Generally speaking, Buddhist architecture follow the imperial style. A large Buddhist monastery normally has a front hall, housing the statue of a Bodhisattva, followed by a great hall, housing the statues of the Buddhas. Accommodations for the monks and the nuns are located at the two sides. Buddhist monasteries sometimes also have pagodas, which may house the relics of the Gautama Buddha; older pagodas tend to be four-sided, while later pagodas usually have eight-sides.

Taoist architecture, on the other hand, usually follow the commoners' style. The main entrance is, however, usually at the side, out of superstition about demons which might try to enter the premise. (See feng shui.) In contrast to the Buddhists, in a Taoist temple the main deity is located at the main hall at the front, the lesser deities at the back hall and at the sides.

- Taoism Architecture
- Buddhist Architecture 

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Baima Temple
Baima (White Horse) Temple is situated in the east of Luoyang City, Henan Province, and is the first Chinese place where Buddhist rites were performed. In 1983, it was designated as one of national key temples in the areas of the Han nationality.
Buddhist Architecture
Chinese Buddhist architecture consists of temple, pagoda and grotto. Localization starts right after Buddhist architecture was introduced into China with Buddhism during the Han dynasty, interpreting Chinese architectural aesthetics and culture.
Buddhist Temple
Buddhism spread into China in the first century AD during China's Eastern Han Dynasty (25 AD - 220 AD). Two kinds of Indian Buddhist buildings were also introduced into the country. One was Buddhist caves excavated into cliffs, hills or mountain sides, which housed a large amount of Buddha images, pagodas and monk residences. The second was architectural groups, which have temple halls, pagodas and monk residences. Architects at that time combined the second one with traditional Chinese architecture style and created Chinese style temple buildings.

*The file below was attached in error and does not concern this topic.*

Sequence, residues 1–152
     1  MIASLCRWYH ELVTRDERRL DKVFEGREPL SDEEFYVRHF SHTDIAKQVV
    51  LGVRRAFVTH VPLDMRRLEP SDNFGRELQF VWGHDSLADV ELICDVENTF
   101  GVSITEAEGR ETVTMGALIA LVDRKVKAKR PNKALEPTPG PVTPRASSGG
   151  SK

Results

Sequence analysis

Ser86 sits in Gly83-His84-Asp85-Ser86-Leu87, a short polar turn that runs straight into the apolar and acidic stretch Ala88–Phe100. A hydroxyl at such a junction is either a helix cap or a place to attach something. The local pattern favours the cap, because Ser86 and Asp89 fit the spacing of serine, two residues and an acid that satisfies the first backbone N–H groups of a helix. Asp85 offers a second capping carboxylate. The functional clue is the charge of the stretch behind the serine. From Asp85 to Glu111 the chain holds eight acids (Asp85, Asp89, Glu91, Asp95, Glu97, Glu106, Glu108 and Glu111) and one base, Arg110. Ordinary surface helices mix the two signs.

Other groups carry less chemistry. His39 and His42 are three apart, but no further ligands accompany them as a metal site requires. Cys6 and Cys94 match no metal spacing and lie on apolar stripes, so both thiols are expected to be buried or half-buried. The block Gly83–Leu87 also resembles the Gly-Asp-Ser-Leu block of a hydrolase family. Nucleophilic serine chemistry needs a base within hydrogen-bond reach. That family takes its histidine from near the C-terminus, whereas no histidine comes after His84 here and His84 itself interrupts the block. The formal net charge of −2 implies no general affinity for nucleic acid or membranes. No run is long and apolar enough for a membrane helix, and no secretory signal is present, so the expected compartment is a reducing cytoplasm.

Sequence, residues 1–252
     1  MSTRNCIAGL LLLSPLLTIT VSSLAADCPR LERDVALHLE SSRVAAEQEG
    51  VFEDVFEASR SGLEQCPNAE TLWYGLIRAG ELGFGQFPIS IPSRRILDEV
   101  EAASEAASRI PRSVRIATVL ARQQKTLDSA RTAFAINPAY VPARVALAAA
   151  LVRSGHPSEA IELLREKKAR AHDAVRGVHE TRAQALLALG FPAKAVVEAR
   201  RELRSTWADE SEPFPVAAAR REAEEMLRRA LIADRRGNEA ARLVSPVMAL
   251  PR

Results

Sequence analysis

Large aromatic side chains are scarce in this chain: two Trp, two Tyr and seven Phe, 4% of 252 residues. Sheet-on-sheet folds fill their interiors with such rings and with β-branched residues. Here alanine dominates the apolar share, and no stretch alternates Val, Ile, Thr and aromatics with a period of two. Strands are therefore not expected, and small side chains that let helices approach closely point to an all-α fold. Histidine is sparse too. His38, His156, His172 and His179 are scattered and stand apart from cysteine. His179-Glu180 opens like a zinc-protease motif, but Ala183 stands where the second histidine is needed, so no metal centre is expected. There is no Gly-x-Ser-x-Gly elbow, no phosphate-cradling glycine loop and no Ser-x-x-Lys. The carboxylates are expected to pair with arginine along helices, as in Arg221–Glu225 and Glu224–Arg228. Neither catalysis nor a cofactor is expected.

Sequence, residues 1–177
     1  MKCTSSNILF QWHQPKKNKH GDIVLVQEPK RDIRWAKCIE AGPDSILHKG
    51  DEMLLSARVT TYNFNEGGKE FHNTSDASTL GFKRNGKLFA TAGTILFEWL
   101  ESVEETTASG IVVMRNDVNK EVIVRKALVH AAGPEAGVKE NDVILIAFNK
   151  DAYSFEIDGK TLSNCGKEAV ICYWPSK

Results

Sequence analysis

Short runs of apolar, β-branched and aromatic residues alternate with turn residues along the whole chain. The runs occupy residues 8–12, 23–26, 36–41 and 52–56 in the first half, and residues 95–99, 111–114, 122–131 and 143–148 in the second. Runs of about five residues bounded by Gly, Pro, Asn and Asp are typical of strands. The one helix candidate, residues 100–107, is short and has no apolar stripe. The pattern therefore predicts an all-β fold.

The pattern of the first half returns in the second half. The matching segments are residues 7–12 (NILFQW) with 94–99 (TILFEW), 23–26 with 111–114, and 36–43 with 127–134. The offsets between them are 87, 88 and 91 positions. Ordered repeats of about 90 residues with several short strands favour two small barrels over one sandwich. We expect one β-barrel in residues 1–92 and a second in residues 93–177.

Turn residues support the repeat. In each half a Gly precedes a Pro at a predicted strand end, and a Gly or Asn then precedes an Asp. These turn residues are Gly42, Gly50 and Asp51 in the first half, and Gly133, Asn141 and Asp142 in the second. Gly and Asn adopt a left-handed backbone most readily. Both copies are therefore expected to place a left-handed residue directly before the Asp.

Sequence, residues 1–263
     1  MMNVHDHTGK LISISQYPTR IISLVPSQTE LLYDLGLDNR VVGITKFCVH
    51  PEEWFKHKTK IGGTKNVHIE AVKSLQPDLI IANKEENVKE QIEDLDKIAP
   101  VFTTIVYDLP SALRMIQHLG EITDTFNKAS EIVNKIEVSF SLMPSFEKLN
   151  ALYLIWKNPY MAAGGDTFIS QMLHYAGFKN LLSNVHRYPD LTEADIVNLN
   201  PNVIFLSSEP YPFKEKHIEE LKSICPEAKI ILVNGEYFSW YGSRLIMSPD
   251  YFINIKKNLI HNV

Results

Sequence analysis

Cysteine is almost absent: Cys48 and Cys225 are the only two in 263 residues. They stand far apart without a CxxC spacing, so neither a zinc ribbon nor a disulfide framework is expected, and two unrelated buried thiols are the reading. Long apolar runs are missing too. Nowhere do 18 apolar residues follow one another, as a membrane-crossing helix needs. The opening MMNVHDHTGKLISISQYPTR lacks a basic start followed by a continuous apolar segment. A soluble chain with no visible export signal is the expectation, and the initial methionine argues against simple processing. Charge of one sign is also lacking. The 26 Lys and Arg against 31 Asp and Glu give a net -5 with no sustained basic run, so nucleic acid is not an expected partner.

Confucius Temple
Daci'en Temple
Daci'en Temple is located in the southern suburb of Xi'an City, Shaanxi Province, originally Jinchang Lane (the First Street of Capital's East) in the southeast of Chang'an City, the capital of the Tang Dynasty (618-907). It was the largest temple in China's Tang Dynasty as well as one of the three Buddhist scriptures translation places of Chang'an City in the Tang Dynasty.
Daming Temple
Daming Temple is situated in the northwest of Yangzhou City, Jiangsu Province, and was the place where Jianzhen, an accomplished monk in the Tang Dynasty (618-907), performed Buddhist rites. In 1983, it was designated as one of national key temples in the areas of the Han nationality.
Famen Temple
In China, many temples house treasures and artifacts, but the sheer quantity and quality of treasures in the Famen Temple is rare. Situated in Famen Town of Fufeng County, about 120 kilometers (about 74.57 miles) west of Xian, Famen Temple is renowned for storing the veritable four slivers of the finger bone of the Sakyamuni Buddha.
Fayuan Temple
Fayuan Temple is situated in Fayuansiqian Street, Xuanwu District of Beijing. It is the oldest extant temple in Beijing. In 1983, it was designated as one of national key temples in the areas of the Han nationality. Now, it is the site of the Chinese Buddhist Academy.
Ganlu Temple
Ganlu Temple is situated on Jiuhua Mountain in the south of Anhui Province, and is one of important temples on the mountain. In 1983, it was designated as one of national key temples in the areas of the Han nationality. Now, it is the site of Jihua Mountain Buddhist Academy.
Guangji Temple
Guangji Temple, situated in Fuchengmennei Street, Xisi, Beijing, is a famous ancient Buddhist temple in Beijing. In 1983, it was designated as one of national key temples in the areas of the Han nationality. Now, it is the site of Chinese Buddhism Association.
Guoqing Temple
Guoqing Temple is located at the foot of the southern side of Tiantai Mountain, Zhejiang Province, China, and is the cradle of Buddhism's Tiantai Sect in China and Japan. In 1983, this temple was designated one of national key temples in the areas of the Han nationality by China's State Council.
Holy Lands
Islam Mosques
Islam was introduced into China during the Tang Dynasty (618 - 907) and the Islamic mosques built at that time inherited the Arabian style, featured vaulting roofs and tall thin minarets.
Kaiyuan Temple
Kaiyuan Temple, situated in West Street of Quanzhou City, Fujian Province, is the largest temple in Fujian Province. It was equally as famous as Baima Temple in Luoyang City, Lingyin Temple in Hangzhou City, and Guangji Temple in Beijing City, and has strong influence upon Taiwan and overseas Buddhists. In 1983, it was designated as one of national key temples in the areas of the Han nationality.